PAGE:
Joanne Hillhouse, Ivory Kelly and Martin MacIntyre spoke about language, identity and authenticity with moderator Gemma Robinson in the Commonwealth Writers Conversation as part of the Aye Write Festival in Glasgow last Friday, 11 April. The event also celebrated the publication of the first book from Peekash Press, a new imprint from Peepal Tree Press in […]
Writer In Residence
Post Five: Writing About Writing
A few days after my post on writing about lives I had not lived, I was browsing the New York Times at my lunch hangout and I saw short pieces by Zoe Heller (Notes on a Scandal) and Mohsin Hamid (The Reluctant Fundamentalist) on the “write what you know” question. Ms Heller’s conclusion was: “Write […]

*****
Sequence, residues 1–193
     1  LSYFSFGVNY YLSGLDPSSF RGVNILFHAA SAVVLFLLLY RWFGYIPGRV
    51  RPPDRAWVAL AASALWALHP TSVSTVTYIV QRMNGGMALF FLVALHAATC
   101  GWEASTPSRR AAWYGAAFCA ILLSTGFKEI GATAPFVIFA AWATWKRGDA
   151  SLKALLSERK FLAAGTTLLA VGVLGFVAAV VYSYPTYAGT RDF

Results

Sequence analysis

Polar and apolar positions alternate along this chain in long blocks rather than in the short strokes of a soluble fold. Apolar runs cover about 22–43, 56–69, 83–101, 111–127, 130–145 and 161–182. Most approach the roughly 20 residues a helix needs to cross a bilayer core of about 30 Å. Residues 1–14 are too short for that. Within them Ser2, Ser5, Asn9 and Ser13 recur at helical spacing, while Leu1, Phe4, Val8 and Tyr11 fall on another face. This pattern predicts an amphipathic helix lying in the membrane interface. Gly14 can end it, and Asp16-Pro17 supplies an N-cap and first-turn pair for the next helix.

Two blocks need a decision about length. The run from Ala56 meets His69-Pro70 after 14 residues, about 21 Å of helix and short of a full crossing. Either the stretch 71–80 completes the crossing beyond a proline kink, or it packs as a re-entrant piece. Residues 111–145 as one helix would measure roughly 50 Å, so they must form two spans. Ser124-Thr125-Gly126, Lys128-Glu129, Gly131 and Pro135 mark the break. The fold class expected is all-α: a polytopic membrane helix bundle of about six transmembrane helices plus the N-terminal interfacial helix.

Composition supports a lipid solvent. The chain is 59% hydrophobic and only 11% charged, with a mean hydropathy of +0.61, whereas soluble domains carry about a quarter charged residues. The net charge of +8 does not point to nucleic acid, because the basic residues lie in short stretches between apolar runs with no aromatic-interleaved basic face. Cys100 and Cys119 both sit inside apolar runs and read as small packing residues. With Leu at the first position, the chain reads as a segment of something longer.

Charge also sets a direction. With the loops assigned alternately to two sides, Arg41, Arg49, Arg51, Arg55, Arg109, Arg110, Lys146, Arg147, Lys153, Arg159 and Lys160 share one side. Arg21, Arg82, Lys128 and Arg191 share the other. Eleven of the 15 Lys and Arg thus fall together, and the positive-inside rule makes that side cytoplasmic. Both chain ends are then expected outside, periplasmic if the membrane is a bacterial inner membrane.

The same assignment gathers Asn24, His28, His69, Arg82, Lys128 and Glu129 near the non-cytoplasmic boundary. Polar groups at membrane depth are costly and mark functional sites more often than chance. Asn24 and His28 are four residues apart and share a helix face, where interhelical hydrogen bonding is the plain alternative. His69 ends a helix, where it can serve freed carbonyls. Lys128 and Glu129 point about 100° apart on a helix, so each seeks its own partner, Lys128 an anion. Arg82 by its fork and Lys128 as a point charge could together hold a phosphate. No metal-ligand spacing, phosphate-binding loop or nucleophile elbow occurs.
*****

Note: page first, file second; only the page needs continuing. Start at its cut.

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“The reassuring solidity of the mahogany dining table provided much-needed support, though Laila was not conscious of leaning against it as she listened to her mother’s splintered voice spilling out the story: her sister Shaheen, an accident on the highway, and the clinical silence of the intensive care unit as a terrified family huddled together for comfort, waiting for news.”
You can read the rest of Farah Ghuznavi’s gripping new short story “Getting There” here.
Also, do check out all nine posts from Farah’s time as our Writer in Residence for information on ‘negotiating with your muse’ and the ‘road to publication’.
“For you to ask the question, ‘why fiction?’ Why not fiction? I don’t see what it can’t do.”
“When you think about societies that have been locked in seemingly endless cycles of violence, one of the reasons is because of the failure of imagination to see an alternative narrative, an alternative way of being and of living together.”
Melina Nathan, UNDP
“A short story needs to be a perfectly formed drop of water… it should not be stretched out and turned into a rainstorm”